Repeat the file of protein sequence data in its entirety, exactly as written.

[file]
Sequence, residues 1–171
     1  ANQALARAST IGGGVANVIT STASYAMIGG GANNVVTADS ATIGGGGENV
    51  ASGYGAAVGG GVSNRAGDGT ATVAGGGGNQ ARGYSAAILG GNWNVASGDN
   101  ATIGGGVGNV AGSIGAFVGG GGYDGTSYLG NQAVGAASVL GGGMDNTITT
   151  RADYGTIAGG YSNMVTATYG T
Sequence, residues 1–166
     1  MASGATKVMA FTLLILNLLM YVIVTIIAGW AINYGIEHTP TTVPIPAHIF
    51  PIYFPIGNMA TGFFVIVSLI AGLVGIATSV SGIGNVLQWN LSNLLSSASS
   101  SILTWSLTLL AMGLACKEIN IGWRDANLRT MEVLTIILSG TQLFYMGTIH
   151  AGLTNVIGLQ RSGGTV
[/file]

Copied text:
Sequence, residues 1–171
     1  ANQALARAST IGGGVANVIT STASYAMIGG GANNVVTADS ATIGGGGENV
    51  ASGYGAAVGG GVSNRAGDGT ATVAGGGGNQ ARGYSAAILG GNWNVASGDN
   101  ATIGGGVGNV AGSIGAFVGG GGYDGTSYLG NQAVGAASVL GGGMDNTITT
   151  RADYGTIAGG YSNMVTATYG T
Sequence, residues 1–166
     1  MASGATKVMA FTLLILNLLM YVIVTIIAGW AINYGIEHTP TTVPIPAHIF
    51  PIYFPIGNMA TGFFVIVSLI AGLVGIATSV SGIGNVLQWN LSNLLSSASS
   101  SILTWSLTLL AMGLACKEIN IGWRDANLRT MEVLTIILSG TQLFYMGTIH
   151  AGLTNVIGLQ RSGGTV